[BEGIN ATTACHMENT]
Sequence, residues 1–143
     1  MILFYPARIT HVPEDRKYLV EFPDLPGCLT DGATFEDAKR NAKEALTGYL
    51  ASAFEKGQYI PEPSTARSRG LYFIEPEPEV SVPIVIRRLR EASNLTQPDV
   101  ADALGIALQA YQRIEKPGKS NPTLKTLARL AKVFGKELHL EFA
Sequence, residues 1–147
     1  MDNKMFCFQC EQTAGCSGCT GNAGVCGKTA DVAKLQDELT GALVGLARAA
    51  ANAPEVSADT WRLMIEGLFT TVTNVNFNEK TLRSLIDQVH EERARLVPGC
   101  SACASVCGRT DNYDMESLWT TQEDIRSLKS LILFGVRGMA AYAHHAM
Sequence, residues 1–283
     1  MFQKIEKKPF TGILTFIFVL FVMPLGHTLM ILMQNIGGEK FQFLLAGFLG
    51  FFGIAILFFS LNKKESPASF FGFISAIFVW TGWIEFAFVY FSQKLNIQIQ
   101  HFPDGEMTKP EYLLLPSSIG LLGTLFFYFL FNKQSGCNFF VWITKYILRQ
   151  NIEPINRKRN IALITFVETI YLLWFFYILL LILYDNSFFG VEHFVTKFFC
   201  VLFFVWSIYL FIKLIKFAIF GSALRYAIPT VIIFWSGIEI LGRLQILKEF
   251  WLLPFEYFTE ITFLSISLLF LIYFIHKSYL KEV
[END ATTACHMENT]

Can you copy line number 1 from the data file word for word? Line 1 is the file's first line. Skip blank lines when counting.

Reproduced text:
Sequence, residues 1–143